Unit 2 – NonLinear Equations
Lesson 2 – Quadratic Graphs and Equations
SlowMotion Tennis Ted White
This picture was produced in a dark
room, with a strobe light and a camera
that was capable of taking long exposure
shots (by keeping its shutter open longer).
The parabolic shapes brilliantly
demonstrate the relative time that it takes
for the ball to travel throughout the various
points of the image. At the very top of
the parabola, the tennis ball images appear
very close together, therefore indicating
that the ball moved at a slower velocity.
Conversely, near the bottom of the
parabolas, the distances between the
images of the ball grow larger, therefore
indicating that the ball moved more space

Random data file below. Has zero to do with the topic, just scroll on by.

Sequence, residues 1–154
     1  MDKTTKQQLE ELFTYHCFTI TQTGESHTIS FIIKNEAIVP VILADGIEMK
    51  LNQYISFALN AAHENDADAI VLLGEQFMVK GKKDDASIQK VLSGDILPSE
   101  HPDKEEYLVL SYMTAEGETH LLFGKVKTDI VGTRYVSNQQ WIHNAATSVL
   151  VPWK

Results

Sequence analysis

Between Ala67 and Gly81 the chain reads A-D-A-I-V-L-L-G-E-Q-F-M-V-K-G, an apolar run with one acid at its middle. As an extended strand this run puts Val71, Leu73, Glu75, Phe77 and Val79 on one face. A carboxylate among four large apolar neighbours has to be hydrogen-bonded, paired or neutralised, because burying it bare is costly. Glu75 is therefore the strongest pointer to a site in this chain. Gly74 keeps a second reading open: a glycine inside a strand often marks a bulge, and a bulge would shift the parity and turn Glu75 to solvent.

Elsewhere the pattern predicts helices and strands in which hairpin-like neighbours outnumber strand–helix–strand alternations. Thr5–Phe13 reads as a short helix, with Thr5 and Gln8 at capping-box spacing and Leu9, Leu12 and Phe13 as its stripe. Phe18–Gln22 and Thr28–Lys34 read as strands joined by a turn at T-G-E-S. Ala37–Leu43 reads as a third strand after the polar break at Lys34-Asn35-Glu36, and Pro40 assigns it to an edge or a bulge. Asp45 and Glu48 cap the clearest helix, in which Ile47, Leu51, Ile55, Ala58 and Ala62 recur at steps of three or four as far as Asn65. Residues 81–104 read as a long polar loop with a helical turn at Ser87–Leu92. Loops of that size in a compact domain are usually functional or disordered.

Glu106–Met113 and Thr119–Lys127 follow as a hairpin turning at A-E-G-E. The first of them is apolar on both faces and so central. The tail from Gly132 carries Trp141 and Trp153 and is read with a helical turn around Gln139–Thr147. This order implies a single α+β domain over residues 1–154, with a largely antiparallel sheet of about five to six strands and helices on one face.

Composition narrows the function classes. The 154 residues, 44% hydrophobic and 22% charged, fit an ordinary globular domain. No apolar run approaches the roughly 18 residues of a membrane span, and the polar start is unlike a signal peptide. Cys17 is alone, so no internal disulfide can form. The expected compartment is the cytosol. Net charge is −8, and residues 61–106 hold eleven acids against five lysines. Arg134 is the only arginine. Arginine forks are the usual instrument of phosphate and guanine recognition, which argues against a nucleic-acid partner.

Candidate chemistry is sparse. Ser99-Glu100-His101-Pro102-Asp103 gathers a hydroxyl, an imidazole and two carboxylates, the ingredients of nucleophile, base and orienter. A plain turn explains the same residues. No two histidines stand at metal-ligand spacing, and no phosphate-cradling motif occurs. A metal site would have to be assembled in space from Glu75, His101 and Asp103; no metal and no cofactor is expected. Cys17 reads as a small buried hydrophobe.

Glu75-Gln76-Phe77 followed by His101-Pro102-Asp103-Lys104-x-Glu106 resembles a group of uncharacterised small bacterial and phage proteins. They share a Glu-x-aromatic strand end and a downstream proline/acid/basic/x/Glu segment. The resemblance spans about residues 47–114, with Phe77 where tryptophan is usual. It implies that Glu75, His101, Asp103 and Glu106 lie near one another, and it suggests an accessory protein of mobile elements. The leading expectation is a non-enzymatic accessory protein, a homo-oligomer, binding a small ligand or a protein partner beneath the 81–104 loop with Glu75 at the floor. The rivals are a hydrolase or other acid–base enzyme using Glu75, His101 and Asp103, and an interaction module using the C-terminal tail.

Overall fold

per time interval as it descended toward
the racket. This slowmotion tennis
picture helps one more easily visualize the
properties of parabolic motion, as defined
by Earth's gravitational force.
The equation of a quadratic function is
y = ax2 + bx + c y=ax2 + bx + c
The shape of this function’s graph is a parabola.
Some parabolas have a minimum and some have a
• If a is positive, the parabola opens upward, and the
parabola has a minimum.
• If a is negative, the parabola opens downward, and the
parabola has a maximum.
The zeros of a quadratic function are the xcoordinates where the
function intercepts the xaxis.
They are found when y=0. Parabolas may have 0, 1 or 2 zeros.
0 xintercepts 1 xintercept 2 xintercepts
The vertex is the maximum/minimum point of the parabola.
The vertex is the place where the parabola changes direction.
The vertex is identified by x and ycoordinates
If the vertex is identified by x and ycoordinates
e.g. (1.5,1), then..
The axis of symmetry is the vertical line through the vertex. Its equation is x = m where m is the x
value of the vertex.